The issue of doubt to suspend hudud – a pre-Islamic form of punishment – is pertinent as the lack of integrity in any criminal justice system may result in gross injustice. Take the case of Pakistan. The zina (adultery) component of the 1979 Hudood Ordinance resulted in the increase in imprisonment of women mainly because they failed to prove they were victims of rape. The number of women imprisoned after the Hudood Ordinance increased from about 70 in 1979 to a staggering 6000 in 1988 and by 2004, an estimated 80% of the women consisted of such victims of sexual harassment or assault, accused of adultery or of making false claims.

      The pro-hudud crowd in Malaysia may not be aware of such serious contradictions between the religious utopia promised by a decontextualised reading of the hudud provisions in the Qur’an and the reality of having hudud in place. That reality, with great potential for severe miscarriage of justice, is diametrically opposed to the essential message of the Qur’an.

      Perhaps communal politics have caused an anxious Malaysian society to placate hardliners. If so, the politicisation of hudud has made the implementation of hudud seem like a religious obligation for an unsuspecting Muslim community and idealistic Muslims. It is the very expectation of fulfilling this obligation and its ideologisation that will pave the way for greater radicalisation and violence when faced with opposition.

      The fight against today’s global terrorism – that has misused Islamic ideas and symbols – are at the crossroads insofar as its characterisation is concerned. The debate now is on whether the fight ought to be called countering “Islamist extremism” instead of “violent extremism”. As long as the implementation of hudud remains a religious unthought, there is a case to be made for calling a spade a spade.


  3. Johor’s Old Temple 5 deities procession on Friday attracted 400,000 crowd, far more than this PAS event.

  4. Mark,
    Just for Political gains Political Traders will sell their saliva.PAS under HADI can’t be tamed.He just think about his mission to spread [alleged] lies.

    rajraman.Meanwhile Nik Aziz son visit church just to cover up their extremist view.By visiting church or even Deity shrine do not mean they will gave up their extremist view.
    It’s just another Political Play by Political Traders.This Political Traders acting much better than movie star.Anyway Ah MO1 openly ‘sleeping’ with HADI in the name of MALAY UNITY NOT MALAYSIAN UNITY.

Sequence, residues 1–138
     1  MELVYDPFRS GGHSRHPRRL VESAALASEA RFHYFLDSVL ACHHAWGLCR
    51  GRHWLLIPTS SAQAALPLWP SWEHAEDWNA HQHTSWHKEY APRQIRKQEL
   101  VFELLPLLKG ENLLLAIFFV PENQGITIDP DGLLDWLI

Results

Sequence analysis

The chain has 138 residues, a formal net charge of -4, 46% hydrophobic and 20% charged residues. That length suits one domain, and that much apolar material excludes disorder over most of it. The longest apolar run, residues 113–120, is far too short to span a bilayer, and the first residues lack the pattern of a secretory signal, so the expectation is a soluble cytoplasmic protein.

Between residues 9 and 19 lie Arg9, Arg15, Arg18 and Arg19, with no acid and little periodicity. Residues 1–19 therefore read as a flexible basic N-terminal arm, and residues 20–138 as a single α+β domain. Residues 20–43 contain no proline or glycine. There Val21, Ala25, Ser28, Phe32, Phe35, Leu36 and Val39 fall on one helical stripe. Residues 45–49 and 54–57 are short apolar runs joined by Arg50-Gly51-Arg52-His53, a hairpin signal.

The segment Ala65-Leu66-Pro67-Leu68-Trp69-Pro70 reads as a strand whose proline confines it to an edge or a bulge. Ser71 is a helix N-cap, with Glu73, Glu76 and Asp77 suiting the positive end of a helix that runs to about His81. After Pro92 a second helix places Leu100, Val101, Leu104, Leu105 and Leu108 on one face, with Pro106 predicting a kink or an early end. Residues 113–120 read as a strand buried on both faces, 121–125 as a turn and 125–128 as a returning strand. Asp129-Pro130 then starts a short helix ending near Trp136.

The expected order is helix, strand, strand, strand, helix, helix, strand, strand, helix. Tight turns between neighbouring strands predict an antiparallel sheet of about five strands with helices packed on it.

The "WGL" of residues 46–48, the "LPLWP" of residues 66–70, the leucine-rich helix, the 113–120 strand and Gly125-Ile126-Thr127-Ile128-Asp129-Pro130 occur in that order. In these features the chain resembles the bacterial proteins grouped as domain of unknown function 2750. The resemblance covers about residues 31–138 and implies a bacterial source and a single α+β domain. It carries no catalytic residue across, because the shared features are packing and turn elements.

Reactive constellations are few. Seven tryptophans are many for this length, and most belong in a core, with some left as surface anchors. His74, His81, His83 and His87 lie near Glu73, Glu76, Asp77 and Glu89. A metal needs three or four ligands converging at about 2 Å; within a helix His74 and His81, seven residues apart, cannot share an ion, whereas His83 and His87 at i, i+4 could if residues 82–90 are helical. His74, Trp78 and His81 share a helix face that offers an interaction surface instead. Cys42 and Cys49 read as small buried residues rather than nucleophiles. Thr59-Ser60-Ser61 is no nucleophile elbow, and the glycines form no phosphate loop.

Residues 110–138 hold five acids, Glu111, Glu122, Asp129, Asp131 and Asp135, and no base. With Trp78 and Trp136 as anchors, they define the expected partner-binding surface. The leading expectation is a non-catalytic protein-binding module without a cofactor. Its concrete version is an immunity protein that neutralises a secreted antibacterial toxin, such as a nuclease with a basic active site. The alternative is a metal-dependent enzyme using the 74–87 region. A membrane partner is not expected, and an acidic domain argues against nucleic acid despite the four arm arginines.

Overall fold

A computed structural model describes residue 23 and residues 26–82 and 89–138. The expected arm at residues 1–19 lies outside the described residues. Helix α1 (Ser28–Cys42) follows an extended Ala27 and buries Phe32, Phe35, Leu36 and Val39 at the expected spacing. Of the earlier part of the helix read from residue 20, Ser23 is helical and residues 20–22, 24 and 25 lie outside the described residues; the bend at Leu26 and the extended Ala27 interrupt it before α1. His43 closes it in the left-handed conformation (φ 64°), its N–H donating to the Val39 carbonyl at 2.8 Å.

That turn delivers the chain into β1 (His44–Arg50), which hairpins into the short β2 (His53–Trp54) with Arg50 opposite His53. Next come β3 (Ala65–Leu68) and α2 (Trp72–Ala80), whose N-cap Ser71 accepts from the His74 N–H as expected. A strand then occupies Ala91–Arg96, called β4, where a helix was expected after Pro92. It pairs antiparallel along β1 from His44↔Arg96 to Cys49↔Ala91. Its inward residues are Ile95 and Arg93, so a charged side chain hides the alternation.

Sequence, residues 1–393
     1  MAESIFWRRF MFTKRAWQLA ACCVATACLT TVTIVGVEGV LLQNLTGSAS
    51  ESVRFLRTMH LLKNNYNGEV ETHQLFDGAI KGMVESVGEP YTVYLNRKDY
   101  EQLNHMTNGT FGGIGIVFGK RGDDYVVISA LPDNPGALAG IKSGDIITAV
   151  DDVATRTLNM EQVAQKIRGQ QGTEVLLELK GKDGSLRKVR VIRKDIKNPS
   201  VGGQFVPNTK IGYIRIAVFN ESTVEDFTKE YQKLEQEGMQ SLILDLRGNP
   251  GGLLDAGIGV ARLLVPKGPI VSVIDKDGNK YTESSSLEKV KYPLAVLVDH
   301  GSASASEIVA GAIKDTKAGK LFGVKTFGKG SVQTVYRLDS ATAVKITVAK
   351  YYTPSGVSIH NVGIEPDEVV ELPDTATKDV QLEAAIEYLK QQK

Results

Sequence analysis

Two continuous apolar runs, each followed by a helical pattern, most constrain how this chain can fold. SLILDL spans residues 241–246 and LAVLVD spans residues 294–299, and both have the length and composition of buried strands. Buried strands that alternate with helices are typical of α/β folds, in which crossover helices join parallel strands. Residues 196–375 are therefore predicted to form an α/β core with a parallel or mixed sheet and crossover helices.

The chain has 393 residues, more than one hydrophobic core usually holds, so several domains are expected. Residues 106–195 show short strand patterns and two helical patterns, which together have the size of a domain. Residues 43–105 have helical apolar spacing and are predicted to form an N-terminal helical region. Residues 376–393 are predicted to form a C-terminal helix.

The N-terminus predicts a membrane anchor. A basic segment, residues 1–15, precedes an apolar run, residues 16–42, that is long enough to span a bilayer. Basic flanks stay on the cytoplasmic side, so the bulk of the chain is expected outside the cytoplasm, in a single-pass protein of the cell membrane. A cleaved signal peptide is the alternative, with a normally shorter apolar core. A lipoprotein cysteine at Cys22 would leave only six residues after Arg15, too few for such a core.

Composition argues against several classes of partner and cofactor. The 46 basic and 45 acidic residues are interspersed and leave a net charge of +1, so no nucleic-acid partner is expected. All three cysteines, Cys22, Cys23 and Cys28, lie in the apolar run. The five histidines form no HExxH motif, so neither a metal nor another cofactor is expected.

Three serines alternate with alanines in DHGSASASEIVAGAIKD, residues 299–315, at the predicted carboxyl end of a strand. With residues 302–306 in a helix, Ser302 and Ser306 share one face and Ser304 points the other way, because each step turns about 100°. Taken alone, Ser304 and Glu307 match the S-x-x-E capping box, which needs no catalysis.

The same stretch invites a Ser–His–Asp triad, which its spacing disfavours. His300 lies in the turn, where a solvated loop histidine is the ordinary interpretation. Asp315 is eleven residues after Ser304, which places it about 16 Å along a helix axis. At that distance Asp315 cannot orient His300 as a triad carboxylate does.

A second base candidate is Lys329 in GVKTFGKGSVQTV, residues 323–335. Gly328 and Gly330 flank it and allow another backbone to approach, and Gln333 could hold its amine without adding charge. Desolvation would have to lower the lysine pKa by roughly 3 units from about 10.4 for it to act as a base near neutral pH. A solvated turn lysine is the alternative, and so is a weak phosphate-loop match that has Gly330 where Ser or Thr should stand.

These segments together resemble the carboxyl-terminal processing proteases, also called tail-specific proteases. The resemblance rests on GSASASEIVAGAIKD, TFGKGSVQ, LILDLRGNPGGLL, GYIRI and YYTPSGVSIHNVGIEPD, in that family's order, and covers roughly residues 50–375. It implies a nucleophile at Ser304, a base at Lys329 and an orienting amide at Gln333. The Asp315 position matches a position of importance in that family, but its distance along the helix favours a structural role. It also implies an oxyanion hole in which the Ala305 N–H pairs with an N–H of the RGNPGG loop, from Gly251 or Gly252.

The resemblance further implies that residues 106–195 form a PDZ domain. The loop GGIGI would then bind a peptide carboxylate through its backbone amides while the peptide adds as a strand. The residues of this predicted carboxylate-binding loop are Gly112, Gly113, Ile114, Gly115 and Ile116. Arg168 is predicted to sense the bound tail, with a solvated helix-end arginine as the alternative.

5. Kajian Invoke Mendapati 40% Ahli Pas Akan Mengundi Parti Lain

    Is PAS going to be a ‘kingmaker’ in GE14?

  6. They failed their own target, called it a success and want everyone else to shut up. And the left believe there is hope of real change. The delusion is on both sides

  7. Failures in religious crusades does NOTHING to stop them. 50,000 vs 200 is not even an adult conversation.

    32% of Malays in Selangor think Hadi Awang should lead the opposition WHEN HE IS NOT. That is 32% too many supporters in what is a developed state. For PH to retain Selangor, Amanah has to win, not just DAP and wobbly PKR.

  8. Perkasa President Ibrahim Ali said,quote ” PAS is a political party whose leaders are stupid!”,unquote”.

    What is the purpose of this? Enhance the syariah law?

    What is the punishment for corruption? In PAS?

    The sad thing is the followers are blind to the wrong doings of their leaders in the name of religion. Can’t they see this rally has got nothing to do with religion?

  9. Hadi Awang is the most incompetent leader i have seen malaysian politics. He should have been removed the the moment Pas lost the Terenganu state government in the 2004 General election. In fact if he was the Private Sector a poor results getter like him would have been removed long time ago.

  10. Hadi promised Heaven.
    Hadi works with MO1
    HADI at one time said UMNO including UMNO member KAFIR.
    200,000 Hadi said but turn up 3000?

    rajraman.No wonder he lost Trengganu,Kedah and soon most state seats the next election.Maybe Kelantan MOI eyeing quitely.Is Hadi know how to counts? I also wondering is he really a Ulama? Is Hadi spoken the truth?
    DECIDE with your OWN BRAIN, since HADI can brainwash you as the DEITY and MO1.

    • For PAS, a working relationship with Bersatu would give it access to the latter’s election machinery in Johor and Kedah, two states where Bersatu is strong and PAS weak despite its numerous attempts at making inroads. PAS could conceivably also use Bersatu as a mediator in order to keep Amanah from contesting in its traditional strongholds in Kelantan and Terengganu.

      For Bersatu, the objectives are equally utilitarian – keep PAS away from UMNO while strengthening the opposition by bringing PAS back into its stable. To succeed, and given the trust deficit that exists between them, Bersatu would have to assume the challenging role of interlocutor between PAS on one hand, and the DAP and Amanah on the other. This scenario would not be dissimilar to what transpired in 1990, when PAS and DAP were held together by the UMNO offshoot of the day, Semangat ’46.